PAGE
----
Canada’s 4-In, 4-Out Rule Threatening to Eject Many TFWs Out of the Country

April 1, 2015 will see the implementation of Canada’s new 4-in, 4-out rule for temporary foreign workers (TFWs). This plan was initially discussed in 2011 as part of the changes in the TFW program.

According to the new rule, all TFWs are only allowed to stay in the country for a maximum period of 4 years, after which they are required to go out of Canada and are not allowed to reapply for another 4 years. They can only apply for return to the country once the latter 4-year period had elapsed.

The first batch of the affected TFWs will feel the impact of these changes come April 1, and many are soon to follow. There are positions exempt from these changes, specifically those working in positions with National Occupational Classification (NOC) code 0 or A. Here is a complete breakdown of the exemptions:

• NOC types 0 (management) and A (professional) occupations

• LMIA-exempt jobs under:
       • International agreements (such as the North American Free Trade Agreement, or NAFTA)
       • Canadian interests
       • Self-support
       • Humanitarian reasons

• Applicants under the Seasonal Agricultural Workers’ Program (SAWP)

• Those who came to Canada to work without a work permit required

• Permanent resident (PR) applicants who have already received an approval in principle in the category for which they applied

• Provincial nominees applying for an employer-specific work permit who intend to perform work pursuant to:
       • an international agreement between Canada and one or more countries, other than an agreement concerning seasonal agricultural workers
       • an agreement entered into by one or more countries and by or on behalf of one or more provinces.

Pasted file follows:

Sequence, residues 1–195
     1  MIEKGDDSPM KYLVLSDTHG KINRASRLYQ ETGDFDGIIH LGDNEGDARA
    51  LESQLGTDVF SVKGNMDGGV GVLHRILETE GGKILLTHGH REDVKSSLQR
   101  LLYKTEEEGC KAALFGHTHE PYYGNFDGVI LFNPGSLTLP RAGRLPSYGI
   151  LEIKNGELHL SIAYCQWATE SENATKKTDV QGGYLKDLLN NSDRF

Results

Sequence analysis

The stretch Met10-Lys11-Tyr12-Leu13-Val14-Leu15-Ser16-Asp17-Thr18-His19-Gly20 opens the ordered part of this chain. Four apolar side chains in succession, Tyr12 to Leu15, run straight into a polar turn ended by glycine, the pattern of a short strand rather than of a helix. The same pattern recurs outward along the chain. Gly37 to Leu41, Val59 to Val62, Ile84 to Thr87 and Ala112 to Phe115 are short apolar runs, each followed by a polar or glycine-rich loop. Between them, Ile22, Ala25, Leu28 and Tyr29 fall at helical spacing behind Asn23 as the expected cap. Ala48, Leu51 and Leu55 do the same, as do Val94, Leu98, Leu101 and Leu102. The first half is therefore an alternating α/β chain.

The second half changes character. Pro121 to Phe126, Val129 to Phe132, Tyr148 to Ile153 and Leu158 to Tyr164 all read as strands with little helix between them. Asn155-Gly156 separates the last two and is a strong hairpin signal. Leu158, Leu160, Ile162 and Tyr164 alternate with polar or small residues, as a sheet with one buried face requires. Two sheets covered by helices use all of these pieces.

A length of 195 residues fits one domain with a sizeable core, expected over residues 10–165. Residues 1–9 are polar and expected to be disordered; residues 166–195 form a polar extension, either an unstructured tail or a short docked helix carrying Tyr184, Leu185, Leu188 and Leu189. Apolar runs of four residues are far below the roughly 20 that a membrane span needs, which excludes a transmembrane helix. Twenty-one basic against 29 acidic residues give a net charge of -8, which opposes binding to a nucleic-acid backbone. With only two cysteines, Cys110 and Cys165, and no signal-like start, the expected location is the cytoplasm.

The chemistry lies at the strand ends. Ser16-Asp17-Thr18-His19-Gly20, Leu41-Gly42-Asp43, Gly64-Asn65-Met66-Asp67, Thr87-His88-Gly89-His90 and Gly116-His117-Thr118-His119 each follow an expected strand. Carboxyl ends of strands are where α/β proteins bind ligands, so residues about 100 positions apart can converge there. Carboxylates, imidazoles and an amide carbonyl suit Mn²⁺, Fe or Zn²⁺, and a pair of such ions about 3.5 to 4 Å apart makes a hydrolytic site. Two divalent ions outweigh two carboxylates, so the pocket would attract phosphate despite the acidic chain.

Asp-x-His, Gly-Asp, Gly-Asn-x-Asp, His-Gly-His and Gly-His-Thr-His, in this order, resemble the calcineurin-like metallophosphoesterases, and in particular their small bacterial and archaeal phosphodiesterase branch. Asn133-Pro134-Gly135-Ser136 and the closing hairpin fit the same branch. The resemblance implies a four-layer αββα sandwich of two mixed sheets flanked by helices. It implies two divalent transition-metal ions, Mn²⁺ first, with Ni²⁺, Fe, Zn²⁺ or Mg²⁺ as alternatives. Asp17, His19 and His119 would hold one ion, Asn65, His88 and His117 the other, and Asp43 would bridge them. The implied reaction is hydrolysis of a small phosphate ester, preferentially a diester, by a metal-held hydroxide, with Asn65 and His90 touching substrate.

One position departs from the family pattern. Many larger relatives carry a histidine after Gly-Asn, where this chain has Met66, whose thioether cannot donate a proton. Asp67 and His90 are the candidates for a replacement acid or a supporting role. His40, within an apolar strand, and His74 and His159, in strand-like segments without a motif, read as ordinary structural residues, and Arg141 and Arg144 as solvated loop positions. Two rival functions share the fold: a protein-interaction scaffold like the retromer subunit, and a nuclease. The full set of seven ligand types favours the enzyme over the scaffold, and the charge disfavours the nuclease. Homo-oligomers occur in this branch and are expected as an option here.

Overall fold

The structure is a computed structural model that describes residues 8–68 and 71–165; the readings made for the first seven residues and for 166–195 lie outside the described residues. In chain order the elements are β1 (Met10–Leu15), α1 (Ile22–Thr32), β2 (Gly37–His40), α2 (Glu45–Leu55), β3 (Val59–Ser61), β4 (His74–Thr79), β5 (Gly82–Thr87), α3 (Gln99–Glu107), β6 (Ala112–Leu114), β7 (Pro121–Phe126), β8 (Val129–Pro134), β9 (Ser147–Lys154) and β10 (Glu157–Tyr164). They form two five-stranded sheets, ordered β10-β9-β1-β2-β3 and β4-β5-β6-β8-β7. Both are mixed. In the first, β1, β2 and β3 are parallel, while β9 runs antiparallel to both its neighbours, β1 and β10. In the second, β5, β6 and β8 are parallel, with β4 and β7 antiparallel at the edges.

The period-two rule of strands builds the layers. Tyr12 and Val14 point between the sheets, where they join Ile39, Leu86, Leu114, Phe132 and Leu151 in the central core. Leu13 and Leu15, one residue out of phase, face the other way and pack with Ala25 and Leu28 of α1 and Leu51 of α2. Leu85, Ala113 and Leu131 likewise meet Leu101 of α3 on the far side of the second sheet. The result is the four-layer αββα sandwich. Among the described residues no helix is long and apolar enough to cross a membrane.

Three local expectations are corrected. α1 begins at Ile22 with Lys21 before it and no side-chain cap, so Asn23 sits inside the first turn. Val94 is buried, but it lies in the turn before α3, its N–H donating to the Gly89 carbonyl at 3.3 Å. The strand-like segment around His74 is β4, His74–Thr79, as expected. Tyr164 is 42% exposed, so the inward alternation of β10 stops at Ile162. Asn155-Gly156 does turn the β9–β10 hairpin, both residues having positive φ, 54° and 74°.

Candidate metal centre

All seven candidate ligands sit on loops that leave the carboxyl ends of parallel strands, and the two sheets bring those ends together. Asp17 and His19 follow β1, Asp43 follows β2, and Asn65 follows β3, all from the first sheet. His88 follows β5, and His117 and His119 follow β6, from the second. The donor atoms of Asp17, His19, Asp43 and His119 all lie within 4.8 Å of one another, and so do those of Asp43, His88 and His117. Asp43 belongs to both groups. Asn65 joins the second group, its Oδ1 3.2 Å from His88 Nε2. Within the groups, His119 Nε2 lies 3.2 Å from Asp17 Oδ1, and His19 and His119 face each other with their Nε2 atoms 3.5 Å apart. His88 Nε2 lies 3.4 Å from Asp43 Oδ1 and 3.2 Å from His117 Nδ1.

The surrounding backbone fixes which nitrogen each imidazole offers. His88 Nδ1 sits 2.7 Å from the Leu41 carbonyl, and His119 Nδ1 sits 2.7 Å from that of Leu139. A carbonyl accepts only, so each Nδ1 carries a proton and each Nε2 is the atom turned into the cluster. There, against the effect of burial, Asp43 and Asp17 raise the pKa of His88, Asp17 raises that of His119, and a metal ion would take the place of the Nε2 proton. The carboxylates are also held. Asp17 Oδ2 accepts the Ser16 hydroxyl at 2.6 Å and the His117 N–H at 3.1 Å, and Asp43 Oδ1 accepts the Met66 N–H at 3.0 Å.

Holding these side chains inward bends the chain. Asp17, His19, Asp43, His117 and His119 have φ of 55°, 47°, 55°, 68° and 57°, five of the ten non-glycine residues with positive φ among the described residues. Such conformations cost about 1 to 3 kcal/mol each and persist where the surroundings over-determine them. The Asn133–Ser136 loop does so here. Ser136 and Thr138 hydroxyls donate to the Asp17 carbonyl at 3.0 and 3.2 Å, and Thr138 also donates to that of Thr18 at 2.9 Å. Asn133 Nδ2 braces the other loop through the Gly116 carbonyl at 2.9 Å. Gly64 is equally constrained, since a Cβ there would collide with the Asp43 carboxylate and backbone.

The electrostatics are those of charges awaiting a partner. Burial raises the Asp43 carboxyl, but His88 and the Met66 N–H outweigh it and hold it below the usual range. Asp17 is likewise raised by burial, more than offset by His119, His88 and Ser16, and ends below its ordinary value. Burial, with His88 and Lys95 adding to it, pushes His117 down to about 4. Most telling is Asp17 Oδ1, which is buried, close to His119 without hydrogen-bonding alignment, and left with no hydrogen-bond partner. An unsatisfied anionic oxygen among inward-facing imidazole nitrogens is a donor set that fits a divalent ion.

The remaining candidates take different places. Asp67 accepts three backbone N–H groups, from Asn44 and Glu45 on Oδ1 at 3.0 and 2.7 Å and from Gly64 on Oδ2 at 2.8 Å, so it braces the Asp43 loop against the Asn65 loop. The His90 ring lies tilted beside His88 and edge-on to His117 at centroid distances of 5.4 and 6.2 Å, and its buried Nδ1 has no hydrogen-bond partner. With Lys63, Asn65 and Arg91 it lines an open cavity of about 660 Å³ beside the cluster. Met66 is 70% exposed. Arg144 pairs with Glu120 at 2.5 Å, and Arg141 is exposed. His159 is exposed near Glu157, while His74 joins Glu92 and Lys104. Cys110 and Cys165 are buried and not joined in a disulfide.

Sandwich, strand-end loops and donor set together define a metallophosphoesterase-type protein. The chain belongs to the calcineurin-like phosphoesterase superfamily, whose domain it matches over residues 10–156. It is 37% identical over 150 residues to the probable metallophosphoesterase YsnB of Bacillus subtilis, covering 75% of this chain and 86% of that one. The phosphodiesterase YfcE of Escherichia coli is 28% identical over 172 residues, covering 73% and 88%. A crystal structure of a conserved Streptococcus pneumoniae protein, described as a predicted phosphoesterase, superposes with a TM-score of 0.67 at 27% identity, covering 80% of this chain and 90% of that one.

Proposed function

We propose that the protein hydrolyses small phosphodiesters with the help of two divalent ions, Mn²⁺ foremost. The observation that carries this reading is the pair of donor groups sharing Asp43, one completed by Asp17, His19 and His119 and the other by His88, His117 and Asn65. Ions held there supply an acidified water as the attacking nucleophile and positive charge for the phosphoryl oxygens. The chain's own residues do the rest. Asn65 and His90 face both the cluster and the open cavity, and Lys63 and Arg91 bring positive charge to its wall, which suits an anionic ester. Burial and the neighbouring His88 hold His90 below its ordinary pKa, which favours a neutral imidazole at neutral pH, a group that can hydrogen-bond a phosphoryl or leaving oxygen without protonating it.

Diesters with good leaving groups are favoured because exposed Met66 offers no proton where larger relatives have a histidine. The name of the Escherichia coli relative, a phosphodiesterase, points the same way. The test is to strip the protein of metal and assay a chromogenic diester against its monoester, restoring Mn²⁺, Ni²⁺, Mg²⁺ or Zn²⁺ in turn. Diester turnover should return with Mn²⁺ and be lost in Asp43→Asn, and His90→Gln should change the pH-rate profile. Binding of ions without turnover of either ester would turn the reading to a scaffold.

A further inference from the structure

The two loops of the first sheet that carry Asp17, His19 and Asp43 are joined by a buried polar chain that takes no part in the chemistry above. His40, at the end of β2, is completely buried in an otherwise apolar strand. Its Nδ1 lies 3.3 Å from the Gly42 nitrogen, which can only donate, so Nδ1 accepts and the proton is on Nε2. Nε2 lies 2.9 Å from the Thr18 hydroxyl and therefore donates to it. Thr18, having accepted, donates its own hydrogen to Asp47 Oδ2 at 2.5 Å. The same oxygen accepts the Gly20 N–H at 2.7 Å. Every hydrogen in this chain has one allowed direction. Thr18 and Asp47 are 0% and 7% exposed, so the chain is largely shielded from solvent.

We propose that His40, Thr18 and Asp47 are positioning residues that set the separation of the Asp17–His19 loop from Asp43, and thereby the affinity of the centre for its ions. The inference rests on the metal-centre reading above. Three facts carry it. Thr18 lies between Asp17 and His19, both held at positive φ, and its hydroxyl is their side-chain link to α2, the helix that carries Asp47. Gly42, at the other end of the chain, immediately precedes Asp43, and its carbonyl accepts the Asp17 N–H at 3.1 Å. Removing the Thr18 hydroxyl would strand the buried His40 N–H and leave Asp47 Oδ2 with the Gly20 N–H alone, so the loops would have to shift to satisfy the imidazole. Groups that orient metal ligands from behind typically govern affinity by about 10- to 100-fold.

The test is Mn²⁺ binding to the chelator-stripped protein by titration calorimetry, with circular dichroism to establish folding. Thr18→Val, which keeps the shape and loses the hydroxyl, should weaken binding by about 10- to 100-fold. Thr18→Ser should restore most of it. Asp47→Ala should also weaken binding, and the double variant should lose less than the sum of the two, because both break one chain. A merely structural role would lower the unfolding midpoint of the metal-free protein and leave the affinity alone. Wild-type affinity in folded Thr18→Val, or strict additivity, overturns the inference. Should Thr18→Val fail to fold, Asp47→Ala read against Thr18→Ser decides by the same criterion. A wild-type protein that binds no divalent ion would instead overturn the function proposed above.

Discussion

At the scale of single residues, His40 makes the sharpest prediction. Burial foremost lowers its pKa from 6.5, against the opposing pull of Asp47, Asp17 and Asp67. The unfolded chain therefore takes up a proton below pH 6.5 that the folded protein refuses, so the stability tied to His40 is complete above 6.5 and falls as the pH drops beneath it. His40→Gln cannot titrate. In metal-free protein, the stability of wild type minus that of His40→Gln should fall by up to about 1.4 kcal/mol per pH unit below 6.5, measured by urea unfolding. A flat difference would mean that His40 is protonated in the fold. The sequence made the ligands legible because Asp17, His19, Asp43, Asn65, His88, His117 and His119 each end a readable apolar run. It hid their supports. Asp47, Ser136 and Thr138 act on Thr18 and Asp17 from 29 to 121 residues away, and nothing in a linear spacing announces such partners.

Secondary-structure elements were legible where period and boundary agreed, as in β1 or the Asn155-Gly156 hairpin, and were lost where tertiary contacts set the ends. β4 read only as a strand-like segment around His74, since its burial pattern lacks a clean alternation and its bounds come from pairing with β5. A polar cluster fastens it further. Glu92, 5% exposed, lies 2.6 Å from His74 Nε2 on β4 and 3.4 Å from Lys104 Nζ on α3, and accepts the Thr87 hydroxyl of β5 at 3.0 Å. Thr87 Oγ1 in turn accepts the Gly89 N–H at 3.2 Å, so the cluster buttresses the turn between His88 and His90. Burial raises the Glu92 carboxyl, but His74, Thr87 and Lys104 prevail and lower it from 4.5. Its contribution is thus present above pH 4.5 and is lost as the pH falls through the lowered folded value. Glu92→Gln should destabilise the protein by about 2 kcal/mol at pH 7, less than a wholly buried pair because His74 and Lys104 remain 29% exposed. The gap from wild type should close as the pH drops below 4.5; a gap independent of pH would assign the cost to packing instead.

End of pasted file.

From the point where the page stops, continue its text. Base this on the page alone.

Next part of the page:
For those who are not included in the exemptions, the looming threat is very real, especially because many of the affected workers have already established their life in Canada with their family.

However, not all hope is lost – there are other options available for those who will be affected by this new rule. Below are some alternative immigration programs in Canada:

Applying under the Express Entry Program

This is a new immigration ranking system that was set in place last January 1, 2015, and it is designed to make the selection process faster and more efficient. To join this system, applicants should qualify for either of the following: Federal Skilled Worker Program, Canadian Experience Class, Federal Skilled Trades Program, or the Provincial Nominee Program of any of the included provinces.

Those who are qualified in any of the mentioned programs can create their Express Entry profile and start building their profile and gathering the necessary documents.

Immigration to Quebec

As mentioned above, Quebec has its own immigration program separate from the PNP shared by other Canadian provinces. Instead of PNP, Quebec has its Quebec Skilled Worker Program (QSWP) and its Quebec Experience Class (QEC).

The QSWP is a points-based immigration system that places importance not just on an individual’s set of skills but also his proficiency in the French language. Meanwhile, the QEC is for applicants who have at least 12 months of work experience in the province within the past two years. Like the other PNPs, this requires the intent to live in Quebec for an applicant to qualify.

Explore the Provincial Nominee Programs

Each province in Canada, except Quebec and Nunavut, has individual programs that allow them to nominate individuals for immigration to the federal government. The qualifications vary according to what a specific province needs. Priorities are given to individuals who have the skills and ability to adapt to the way of life in their chosen province. All temporary foreign workers with affinity to any Canadian province can apply for PNP in that specific province. The important thing to note is that the applicants must intend to live and work in the province where they are applying.

Switching to Visitor Visa

Temporary Foreign Workers who are scheduled for removal from Canada after their 4-year period in the country can extend their stay by applying as a visitor and getting a visitor visa. The typical length of time given to visitors is 6 months, although there is really no limit in terms of length. All an applicant needs is to show proof that he can support himself throughout his stay without the need to look for work (those on visitor status are not allowed to apply for any type of work in the province nor to pursue any study).

Sponsorship as a Family Member